Friday, July 22, 2011

My First Glimpse of The Cruelty I Never Used To See

Imagine you are living in Nazi Germany. You and your husband are on the way to meet some friends at a swing dancing party. Then you hear your husband say, what are they doing with those Jews in the truck? You look to your right, and there they are. Crammed in a space so small they cannot sit down or move. You look into their eyes, and see everything they are feeling and thinking all at once. Sadness, mourning, confusion, hopelessness. The truck quickly passes by, so you only get to look at them for about 30 seconds, but that 30 seconds seem to last forever. In that 30 seconds, you've seen everything you need to know.

That's exactly how I felt today when Jason was driving us (Ava and I) to a blueberry farm. We were meeting my girlfriend, her husband, and their little girl. All was well during the drive until my husband said, "why would chickens need to be moved?" I looked to my right and there they were. I gasped in horror as I looked at these chickens crammed in tiny cages. But what really got to me was looking in their eyes. I had never looked animals in the eyes like that. There was nothing there. No hope. No light. Just sadness. I never realized I could see so much in an animals eyes, especially since we were only next to this truck for about 30 seconds. I remember that 30 seconds feeling like an eternity. Its weird how these transport trucks have always been on our highways, but I never noticed them. Now that I have an emotional connection to farm animals, I see what I never used to see. Its one thing to witness the cruelty on the Internet, but another to see it first hand, less than 10 feet away. I will never forget those eyes. That sadness. I know it takes an awakening to see things in a whole new light. I went to a cock fight with my family on Guam years ago and didn't think much of it. Compassion exists within all of us, even people like me who weren't animal lovers before going vegan.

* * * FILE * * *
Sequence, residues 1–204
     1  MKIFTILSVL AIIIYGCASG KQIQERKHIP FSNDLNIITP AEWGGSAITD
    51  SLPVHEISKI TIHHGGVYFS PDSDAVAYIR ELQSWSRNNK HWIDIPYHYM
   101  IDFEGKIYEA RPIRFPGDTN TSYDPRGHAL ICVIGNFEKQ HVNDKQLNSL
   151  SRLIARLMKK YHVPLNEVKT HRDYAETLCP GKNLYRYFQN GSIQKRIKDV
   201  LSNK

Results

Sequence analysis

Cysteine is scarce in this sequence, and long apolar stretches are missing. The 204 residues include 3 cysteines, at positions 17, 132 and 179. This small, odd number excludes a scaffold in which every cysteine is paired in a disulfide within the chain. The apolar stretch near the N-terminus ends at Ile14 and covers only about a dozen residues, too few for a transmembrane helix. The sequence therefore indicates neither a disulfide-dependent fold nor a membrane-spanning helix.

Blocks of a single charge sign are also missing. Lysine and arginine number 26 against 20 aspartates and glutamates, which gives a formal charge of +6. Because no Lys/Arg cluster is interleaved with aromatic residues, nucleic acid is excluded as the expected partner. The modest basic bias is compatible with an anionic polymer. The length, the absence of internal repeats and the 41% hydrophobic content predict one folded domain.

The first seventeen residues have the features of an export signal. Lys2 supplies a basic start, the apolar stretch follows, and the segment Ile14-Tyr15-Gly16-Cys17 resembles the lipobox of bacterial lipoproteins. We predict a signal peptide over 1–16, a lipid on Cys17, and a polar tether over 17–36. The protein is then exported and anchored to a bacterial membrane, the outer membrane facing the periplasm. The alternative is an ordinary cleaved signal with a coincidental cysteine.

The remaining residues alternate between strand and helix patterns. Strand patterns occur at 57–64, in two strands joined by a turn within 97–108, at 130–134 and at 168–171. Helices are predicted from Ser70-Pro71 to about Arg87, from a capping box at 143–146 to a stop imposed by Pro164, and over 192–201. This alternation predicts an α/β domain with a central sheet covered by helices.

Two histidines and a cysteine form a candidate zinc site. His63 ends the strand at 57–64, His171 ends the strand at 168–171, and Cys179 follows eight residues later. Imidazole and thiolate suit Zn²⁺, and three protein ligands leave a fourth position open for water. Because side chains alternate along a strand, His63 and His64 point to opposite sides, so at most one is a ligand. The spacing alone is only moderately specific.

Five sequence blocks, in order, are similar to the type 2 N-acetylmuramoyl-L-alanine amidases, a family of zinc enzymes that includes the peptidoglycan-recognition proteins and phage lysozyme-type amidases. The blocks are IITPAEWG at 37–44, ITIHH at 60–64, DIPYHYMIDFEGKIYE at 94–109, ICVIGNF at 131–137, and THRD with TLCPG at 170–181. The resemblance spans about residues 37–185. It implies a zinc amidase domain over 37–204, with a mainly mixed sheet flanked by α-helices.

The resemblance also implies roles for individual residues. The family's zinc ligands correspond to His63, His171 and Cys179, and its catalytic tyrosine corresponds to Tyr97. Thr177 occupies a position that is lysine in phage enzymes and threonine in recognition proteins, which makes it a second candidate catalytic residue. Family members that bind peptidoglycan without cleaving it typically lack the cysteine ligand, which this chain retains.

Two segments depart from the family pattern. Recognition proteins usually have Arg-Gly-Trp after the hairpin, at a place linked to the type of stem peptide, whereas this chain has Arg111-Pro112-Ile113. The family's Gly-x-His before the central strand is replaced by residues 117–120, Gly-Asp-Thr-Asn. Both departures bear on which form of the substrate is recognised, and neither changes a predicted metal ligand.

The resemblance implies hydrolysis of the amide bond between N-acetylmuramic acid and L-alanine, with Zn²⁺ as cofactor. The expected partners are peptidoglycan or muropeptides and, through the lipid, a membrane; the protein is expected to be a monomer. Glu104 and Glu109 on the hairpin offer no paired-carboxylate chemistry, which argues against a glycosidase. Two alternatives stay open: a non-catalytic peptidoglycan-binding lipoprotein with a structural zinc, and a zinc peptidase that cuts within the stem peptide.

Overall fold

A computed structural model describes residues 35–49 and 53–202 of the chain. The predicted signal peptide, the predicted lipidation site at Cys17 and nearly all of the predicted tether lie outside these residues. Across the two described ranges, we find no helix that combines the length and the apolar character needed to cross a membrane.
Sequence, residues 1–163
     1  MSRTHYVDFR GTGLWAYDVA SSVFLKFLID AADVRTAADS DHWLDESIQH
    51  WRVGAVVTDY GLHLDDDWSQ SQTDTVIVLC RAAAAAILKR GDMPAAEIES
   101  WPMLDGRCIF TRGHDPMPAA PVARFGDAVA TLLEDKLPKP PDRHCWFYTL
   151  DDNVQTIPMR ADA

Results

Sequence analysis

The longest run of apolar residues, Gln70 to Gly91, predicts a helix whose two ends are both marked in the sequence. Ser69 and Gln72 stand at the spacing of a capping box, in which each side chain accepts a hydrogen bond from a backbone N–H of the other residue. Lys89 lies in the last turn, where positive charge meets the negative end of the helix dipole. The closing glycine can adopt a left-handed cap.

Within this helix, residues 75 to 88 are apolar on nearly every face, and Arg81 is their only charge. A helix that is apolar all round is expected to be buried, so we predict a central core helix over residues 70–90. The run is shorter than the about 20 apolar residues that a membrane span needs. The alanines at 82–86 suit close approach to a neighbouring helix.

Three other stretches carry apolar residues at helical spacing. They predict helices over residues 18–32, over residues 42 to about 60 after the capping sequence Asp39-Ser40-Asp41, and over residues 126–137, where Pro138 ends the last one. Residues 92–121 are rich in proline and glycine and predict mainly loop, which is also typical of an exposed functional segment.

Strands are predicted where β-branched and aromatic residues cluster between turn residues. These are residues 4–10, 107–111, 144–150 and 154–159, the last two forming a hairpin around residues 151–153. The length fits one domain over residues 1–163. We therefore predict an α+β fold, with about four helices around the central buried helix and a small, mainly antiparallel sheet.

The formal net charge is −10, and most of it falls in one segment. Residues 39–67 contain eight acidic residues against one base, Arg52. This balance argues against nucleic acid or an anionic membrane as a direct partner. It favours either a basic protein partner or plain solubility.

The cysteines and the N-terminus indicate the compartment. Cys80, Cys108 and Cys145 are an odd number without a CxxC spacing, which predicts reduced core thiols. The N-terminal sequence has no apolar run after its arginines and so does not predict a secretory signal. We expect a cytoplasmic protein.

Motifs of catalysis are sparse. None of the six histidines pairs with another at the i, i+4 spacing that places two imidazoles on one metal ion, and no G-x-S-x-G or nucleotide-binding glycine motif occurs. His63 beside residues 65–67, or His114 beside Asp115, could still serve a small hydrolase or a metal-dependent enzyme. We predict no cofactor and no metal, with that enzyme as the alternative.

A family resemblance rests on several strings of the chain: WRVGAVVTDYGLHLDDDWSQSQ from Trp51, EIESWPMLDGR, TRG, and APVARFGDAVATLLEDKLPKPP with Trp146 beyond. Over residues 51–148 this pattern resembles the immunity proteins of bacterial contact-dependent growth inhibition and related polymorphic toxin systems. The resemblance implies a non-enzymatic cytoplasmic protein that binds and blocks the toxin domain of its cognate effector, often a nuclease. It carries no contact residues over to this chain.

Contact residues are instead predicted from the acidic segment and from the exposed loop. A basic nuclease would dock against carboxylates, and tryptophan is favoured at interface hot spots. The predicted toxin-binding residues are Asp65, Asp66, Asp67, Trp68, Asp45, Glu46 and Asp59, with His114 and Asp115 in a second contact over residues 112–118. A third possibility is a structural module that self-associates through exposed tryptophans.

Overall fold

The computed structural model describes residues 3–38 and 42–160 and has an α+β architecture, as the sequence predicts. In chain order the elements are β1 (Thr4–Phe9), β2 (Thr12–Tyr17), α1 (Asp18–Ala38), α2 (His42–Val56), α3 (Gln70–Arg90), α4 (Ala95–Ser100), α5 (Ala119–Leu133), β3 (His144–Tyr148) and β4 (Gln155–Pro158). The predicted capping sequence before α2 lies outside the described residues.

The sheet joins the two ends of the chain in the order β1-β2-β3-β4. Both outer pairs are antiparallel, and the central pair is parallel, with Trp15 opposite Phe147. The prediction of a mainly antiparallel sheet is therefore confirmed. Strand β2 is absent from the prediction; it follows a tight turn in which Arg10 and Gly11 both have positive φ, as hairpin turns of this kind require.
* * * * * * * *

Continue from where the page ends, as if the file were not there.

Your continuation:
The chickens in this transport truck were probably egg laying hens who were done producing eggs, and were on their way to slaughter. The picture shown is not the one I saw, but one I found on the web. The moment came and went so fast that I was unable to take a picture. The egg industry relies on the female reproductive system. You know how us ladies drop an egg from our ovary every month? Well hens do this once a year in the spring, except in the factory, they are manipulated into having two cycles. How? First they are tricked into thinking its winter through light and food deprivation. Then the farmers blast on the lights and give them a high protein feed, tricking them into thinking its spring, time to lay eggs. In nature, they would lay about 25 eggs during their cycle, but on a factory, they lay about 250. The male offspring of these hens are of no use in the egg laying industry. We don't eat that breed, so they are discarded. What does that mean?

This is a dumpster full of live chicks. This is behind those twelve dozen eggs so innocently placed in all our shopping carts. This is what it takes to dye an egg for Easter. This is what it takes to make a chocolate chip cookie that can easily be made with other wonderful ingredients. This is one of the many reasons I am vegan. I wasn't sure where this post would go, but I am happy with it. The more images like this people see, and the more yummy vegan food people try, the more easy compassion will be. I'd like to thank my readers for taking the time to read this, and I look forward to sharing my plant happy life with you. xoxo.


  1. this is a really powerful blog post, and i'm so grateful for having read it. i'm so sorry that you experienced this, but this is forever a story for sharing to validate your veganism. i recently blogged about this subject (auschwitz) as related to eating. ~ nicole in pittsburgh :)

  2. Hi Nicole! I didn't know that was you! I'm enjoying your blog=)